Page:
- Waldorf MicroQ
- Waldorf Blofeld
- Access Virus TI/TI2
- Studiologic Sledge (powered by Waldorf DSP engine)
- Korg Wavestation (different versions, uses wave sequencing but it's comparable)
- Novation Ultranova (contains wavetables but those seem to be small and limited)


Ingo
Last edited by Ingonator on Thu Apr 17, 2014 12:39 am, edited 2 times in total.
Waldorf Beta Forum Manager
"Atmospheric Transients" for PPG Wave 3.V
"Analog vs Digital" for Blofeld
Win 7 64-bit / Live 9 / Reaper / Studio One 2.6 / Blofeld / Pulse 2 /Waldorf + Tone 2 plugins + others
KVRAF
 
3731 posts since 13 Oct, 2009

Postby ghettosynth; Thu Apr 17, 2014 12:17 am Re: Difference between wavetable and sample-based generators?

Ingonator wrote:A "small" list of synths for which i think the term "wavetable synthesis" (or "wavetable scanning synthesis) would really fit:

A) software:

b) hardware:
- Waldorf Microwave II/XT


Related, I've been enjoying this old Reaktor ensemble lately. It's quite well done, I've been using the actual Microwave XT manual to read about programming the thing. It's not all there, but it's surprisingly close.

Image

http://www.native-instruments.com/en/co ... show/6023/
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Beware the Quoth
 
21168 posts since 3 Sep, 2001, from R'lyeh Oceanic Amusement Park and Funfair

Postby whyterabbyt; Thu Apr 17, 2014 12:53 am Re: Difference between wavetable and sample-based generators?

rj0 wrote:Locations in memory can be described as a table. Storing a general sample as a sequence of memory locations/bytes "could" be called a wavetable, making all sample-based synths "wavetable" synths, but yes, that makes the terminology "wavetable" indistinguishable from "sample-based". Why bother calling any synth a "wavetable synth"?


taxonomy.

'wavetable' denotes something about the synth; there are multiple methods of reading/processing based on wavetables; those are further subcategories within the taxonomy.

however waveforms can be generated algorithmically, without tables. at the 'top' of the taxonomy, there would be a distinction between calculated and table-based.

The problem, as Ive pointed out the last few dozen times this subject has come up, is that companies like to use terms for their marketing and buzzword weight. This blurs the definitiions for laymen and consumers. The academics who actually invent the core algorithms for this stuff generally eschew such confusion in their research papers.
To laymen, software development is something akin to wizardry. Neither time, nor effort are involved. If software is missing features they want, or has bugs, it is solely because someone has been too lazy to wave their magic wand.
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KVRian
 
731 posts since 2 Oct, 2008

Postby mysticvibes; Thu Apr 17, 2014 1:15 am Re: Difference between wavetable and sample-based generators?

could I turn a sampler using wavetables then into a synth?
Image
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Beware the Quoth
 
21168 posts since 3 Sep, 2001, from R'lyeh Oceanic Amusement Park and Funfair

Postby whyterabbyt; Thu Apr 17, 2014 1:16 am Re: Difference between wavetable and sample-based generators?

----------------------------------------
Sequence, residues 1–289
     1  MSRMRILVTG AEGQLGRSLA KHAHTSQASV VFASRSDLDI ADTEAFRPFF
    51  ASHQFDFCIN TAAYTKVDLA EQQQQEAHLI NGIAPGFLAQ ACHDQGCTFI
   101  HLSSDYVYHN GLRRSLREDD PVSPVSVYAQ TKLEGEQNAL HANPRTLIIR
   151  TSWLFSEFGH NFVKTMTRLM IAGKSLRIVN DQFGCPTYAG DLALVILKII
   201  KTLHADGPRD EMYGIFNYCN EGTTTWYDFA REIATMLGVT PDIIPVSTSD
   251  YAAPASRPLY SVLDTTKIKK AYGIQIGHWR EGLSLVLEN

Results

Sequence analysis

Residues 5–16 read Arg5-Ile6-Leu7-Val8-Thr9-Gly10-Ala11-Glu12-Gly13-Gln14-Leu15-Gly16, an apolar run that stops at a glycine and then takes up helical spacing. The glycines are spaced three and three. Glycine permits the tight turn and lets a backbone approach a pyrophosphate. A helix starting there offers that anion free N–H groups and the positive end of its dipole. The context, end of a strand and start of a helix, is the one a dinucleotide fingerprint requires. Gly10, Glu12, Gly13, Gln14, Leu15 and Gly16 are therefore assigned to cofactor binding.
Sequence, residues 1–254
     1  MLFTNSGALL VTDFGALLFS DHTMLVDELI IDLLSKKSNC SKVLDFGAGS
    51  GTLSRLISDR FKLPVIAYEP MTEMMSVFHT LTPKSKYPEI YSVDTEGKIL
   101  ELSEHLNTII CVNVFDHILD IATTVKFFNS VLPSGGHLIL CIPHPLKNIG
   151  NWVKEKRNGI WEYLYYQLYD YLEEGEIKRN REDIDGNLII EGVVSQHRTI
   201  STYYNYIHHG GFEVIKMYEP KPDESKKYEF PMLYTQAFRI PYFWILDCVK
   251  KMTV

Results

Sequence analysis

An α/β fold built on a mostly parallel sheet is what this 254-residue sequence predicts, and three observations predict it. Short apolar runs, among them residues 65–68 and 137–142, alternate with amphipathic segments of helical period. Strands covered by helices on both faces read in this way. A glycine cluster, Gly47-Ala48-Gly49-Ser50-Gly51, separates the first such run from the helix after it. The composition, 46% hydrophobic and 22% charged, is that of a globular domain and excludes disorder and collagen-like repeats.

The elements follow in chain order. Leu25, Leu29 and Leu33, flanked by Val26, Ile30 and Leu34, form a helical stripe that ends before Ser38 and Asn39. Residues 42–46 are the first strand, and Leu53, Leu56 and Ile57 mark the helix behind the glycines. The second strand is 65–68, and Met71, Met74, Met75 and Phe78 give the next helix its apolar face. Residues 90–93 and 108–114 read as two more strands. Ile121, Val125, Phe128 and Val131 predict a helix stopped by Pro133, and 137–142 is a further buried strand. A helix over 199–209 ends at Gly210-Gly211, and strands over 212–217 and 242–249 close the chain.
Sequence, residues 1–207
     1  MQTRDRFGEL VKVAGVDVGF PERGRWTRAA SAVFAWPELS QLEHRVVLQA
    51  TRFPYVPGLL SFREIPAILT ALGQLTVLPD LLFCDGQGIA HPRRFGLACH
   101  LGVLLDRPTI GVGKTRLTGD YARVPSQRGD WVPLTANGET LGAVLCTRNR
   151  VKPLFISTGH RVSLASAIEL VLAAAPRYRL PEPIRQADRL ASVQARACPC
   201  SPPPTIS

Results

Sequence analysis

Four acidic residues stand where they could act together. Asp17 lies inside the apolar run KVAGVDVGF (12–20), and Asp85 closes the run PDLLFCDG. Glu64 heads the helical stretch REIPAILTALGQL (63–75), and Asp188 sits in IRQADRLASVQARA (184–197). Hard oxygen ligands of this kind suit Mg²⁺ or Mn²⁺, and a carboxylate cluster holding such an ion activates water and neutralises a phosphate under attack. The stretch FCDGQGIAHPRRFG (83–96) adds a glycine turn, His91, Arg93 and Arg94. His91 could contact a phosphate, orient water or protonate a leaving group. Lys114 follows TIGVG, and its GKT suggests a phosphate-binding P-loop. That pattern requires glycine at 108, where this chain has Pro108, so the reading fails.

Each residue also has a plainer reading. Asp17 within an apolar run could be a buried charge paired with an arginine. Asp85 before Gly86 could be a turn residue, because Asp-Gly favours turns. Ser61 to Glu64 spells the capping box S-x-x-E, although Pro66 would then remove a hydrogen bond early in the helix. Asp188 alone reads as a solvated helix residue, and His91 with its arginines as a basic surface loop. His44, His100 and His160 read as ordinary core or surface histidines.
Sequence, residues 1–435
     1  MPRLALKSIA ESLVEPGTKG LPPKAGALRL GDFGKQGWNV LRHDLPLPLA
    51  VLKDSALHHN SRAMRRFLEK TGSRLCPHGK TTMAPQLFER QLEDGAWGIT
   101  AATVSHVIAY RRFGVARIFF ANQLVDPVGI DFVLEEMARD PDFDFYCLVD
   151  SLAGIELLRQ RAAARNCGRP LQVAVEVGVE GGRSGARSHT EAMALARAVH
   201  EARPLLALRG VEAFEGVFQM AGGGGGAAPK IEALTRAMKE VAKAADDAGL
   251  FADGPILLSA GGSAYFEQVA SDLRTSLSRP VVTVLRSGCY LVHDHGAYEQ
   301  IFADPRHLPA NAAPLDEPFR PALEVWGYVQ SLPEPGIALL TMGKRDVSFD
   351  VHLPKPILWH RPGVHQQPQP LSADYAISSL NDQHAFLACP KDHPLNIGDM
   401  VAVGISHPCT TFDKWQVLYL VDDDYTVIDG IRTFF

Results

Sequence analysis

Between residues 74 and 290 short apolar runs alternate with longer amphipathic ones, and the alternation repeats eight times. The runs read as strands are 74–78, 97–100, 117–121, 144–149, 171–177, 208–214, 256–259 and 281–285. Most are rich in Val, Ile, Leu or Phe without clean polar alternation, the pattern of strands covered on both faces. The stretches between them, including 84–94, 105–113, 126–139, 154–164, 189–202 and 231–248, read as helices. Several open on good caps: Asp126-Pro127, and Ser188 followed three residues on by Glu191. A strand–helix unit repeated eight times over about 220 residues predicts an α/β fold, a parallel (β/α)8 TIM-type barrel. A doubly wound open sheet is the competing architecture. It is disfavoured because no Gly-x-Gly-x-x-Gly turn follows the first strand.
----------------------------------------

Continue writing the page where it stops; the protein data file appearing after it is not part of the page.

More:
mysticvibes wrote:could I turn a sampler using wavetables then into a synth?


Knock yourself out...

http://www.adventurekid.se/akrt/wavefor ... waveforms/
To laymen, software development is something akin to wizardry. Neither time, nor effort are involved. If software is missing features they want, or has bugs, it is solely because someone has been too lazy to wave their magic wand.
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KVRAF
 
8951 posts since 7 Dec, 2004, from Vancouver, Canada
 

Postby aciddose; Thu Apr 17, 2014 9:29 am Re: Difference between wavetable and sample-based generators?

rj0 wrote:Locations in memory can be described as a table. Storing a general sample as a sequence of memory locations/bytes "could" be called a wavetable, making all sample-based synths "wavetable" synths, but yes, that makes the terminology "wavetable" indistinguishable from "sample-based". Why bother calling any synth a "wavetable synth"?


Only if they contain a "wave". This is where the components of a compound word are used to make up a single term like "wave-table".

Discrete samples are not "waves" by themselves.

See the definition for "wave".
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fmr
KVRAF
 
2748 posts since 16 Mar, 2003, from Porto - Portugal

Postby fmr; Thu Apr 17, 2014 9:59 am Re: Difference between wavetable and sample-based generators?

aciddose wrote:
rj0 wrote:Locations in memory can be described as a table. Storing a general sample as a sequence of memory locations/bytes "could" be called a wavetable, making all sample-based synths "wavetable" synths, but yes, that makes the terminology "wavetable" indistinguishable from "sample-based". Why bother calling any synth a "wavetable synth"?


Only if they contain a "wave". This is where the components of a compound word are used to make up a single term like "wave-table".

Discrete samples are not "waves" by themselves.

See the definition for "wave".

When isn't a sample a wave? A wave doesn't necessarily have to be single-cycle, so, when you have a multi-cycle complex wave, you have... a sample.
Fernando (FMR)
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KVRAF
 
8951 posts since 7 Dec, 2004, from Vancouver, Canada